This Adorable Transgender Girl Scout Stood Up for Herself and Sold a Bajillion Cookies
In the middle of a crazed country caught up the throes of political vehemence and one-upmanship, it takes only a small voice to grab our attention and bring us back down to earth. If you need a little pick-me-up as temporary shelter, I’d like to introduce you to Stormi.
Stormi is a beautiful, nine year old transgender Girl Scout who, like all Girl Scouts, wants to help her troop sell cookies. So, like those who came before her, Stormi went door to door with her list of yummies; “I like to sell cookies because it’s very nice to sell cookies. Cookies make people smile.” Indeed they do (especially those Thin Mints and Samoas). Unfortunately, there are still a few nasty buggers out in the wild, and one of them lives in Stormi’s neighborhood. Turning her away, said neighbor told her, “Nobody wants to buy cookies from a boy in a dress.”
Stormi is much more mature about handling these sorts of things than me, so even though she felt “sad…because I’m a girl,” Stormi decided to show that bugger just how many cookies she could sell. Discussing her feelings with foster mother, Kim — “Why am I just not good enough?” — Stormi and mom decided to sell the cookies online, with the option for Stormi to deliver them in person. And what do you know, she she sold over 3,000 boxes of cookies. Not only that, but as word of her negative experience with the neighbor spread, a few kindly people stepped in to help. NYC based improvers, Lauren Brickman & Caitlin Foye offered free tickets to their show to people who ordered from Stormi’s site, and a California musical organization offered ticket buyers a bonus box of cookies to help sales, or if they so chose, to support Stormi’s personal cause:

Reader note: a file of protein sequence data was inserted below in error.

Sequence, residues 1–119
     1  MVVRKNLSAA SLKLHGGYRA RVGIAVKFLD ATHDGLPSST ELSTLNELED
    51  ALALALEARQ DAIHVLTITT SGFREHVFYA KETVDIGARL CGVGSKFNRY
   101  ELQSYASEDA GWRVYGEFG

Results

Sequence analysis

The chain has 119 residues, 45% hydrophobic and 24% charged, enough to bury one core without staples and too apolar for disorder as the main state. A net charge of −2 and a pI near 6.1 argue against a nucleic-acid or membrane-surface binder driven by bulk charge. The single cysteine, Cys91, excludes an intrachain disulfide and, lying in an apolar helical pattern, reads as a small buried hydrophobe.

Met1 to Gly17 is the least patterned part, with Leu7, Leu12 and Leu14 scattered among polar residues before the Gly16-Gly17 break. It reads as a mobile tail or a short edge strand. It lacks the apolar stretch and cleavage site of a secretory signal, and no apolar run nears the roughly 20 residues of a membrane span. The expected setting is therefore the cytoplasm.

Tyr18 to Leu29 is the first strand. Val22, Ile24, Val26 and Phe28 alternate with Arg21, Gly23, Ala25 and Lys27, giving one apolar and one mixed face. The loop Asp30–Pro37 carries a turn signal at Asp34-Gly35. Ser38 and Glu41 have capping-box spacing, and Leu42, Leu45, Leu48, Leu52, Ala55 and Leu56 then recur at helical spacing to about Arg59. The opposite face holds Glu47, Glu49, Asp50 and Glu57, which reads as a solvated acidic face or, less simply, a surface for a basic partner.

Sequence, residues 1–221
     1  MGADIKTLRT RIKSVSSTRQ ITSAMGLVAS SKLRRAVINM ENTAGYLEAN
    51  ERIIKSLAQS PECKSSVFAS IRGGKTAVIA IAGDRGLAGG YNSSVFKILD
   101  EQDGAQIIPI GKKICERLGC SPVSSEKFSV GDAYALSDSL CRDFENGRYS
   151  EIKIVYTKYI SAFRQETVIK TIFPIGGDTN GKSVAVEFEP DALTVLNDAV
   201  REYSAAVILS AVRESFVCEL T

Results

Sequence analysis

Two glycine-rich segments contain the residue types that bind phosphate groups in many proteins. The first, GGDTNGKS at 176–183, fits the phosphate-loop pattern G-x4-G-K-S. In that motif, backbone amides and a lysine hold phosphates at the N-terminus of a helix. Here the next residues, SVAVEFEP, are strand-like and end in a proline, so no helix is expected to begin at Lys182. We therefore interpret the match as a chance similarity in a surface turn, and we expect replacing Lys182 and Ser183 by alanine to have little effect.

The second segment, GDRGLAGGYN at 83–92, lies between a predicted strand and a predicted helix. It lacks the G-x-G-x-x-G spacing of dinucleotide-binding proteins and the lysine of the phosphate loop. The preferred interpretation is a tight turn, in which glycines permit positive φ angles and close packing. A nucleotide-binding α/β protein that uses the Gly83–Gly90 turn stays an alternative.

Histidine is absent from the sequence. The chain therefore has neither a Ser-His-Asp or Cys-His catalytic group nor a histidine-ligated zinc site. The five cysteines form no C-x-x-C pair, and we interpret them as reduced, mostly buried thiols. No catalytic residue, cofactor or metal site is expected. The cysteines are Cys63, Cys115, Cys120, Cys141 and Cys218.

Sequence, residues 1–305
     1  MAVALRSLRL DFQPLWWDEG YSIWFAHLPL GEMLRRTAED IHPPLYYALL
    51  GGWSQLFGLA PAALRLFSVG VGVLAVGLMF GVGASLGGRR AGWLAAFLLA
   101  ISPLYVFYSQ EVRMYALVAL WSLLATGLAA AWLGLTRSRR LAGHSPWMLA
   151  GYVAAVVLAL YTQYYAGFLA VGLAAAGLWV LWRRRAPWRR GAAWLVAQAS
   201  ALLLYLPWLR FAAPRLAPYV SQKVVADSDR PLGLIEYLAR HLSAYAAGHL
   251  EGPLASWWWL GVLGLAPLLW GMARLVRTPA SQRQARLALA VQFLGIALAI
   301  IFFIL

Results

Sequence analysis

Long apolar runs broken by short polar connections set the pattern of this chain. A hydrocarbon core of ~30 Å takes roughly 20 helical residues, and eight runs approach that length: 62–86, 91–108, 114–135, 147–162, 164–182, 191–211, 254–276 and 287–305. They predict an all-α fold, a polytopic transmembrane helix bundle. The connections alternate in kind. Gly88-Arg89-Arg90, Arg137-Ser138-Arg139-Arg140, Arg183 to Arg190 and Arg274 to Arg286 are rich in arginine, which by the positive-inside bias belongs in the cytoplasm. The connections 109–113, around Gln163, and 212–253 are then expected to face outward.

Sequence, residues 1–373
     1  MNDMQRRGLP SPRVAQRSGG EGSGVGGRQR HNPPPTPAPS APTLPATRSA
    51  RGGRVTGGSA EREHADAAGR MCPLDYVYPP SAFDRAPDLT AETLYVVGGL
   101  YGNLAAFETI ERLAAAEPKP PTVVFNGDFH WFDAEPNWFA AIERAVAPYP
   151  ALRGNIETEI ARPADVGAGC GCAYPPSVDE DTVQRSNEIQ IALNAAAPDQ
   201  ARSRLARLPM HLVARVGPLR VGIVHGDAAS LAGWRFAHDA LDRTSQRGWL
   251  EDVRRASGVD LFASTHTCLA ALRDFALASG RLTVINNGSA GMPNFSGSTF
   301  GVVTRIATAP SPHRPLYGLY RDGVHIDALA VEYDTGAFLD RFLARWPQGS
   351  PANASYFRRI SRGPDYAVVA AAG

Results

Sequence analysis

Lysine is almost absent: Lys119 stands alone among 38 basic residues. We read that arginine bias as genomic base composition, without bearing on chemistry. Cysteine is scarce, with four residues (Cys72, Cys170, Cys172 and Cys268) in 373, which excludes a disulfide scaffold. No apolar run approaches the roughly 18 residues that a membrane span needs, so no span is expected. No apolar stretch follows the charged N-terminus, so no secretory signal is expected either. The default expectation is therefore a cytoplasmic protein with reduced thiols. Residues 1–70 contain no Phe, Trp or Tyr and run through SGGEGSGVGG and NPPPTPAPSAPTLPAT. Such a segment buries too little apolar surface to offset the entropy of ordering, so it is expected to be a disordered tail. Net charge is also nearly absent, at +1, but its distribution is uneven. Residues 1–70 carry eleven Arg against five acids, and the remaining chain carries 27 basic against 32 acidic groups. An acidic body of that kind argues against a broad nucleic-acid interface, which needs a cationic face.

“My troop plans to use the money to help us go on trips. I have my own plans as well. At my request my family will donate boxes to local foster kids like me!”
The outpouring of support and notes from people have cheered Stormi, “I have learned that even though people can be mean I shouldn’t give up…I want kids like me to know they are perfect just the way they are,” and her foster mom: “This is something I have been trying to instill in her for years…How worthy she is; who she is is okay. For her to be able to read all these messages that people are sending from around the world to support her, the love is just overwhelming.”
A spokesman for Girl Scouts of Southern Illinois was likewise impressed with Stormi, saying “She decided to donate boxes to something close to her heart — which is foster care. She took something that wasn’t so pleasant and she turned it into a positive experience.”
GSA supports all girls.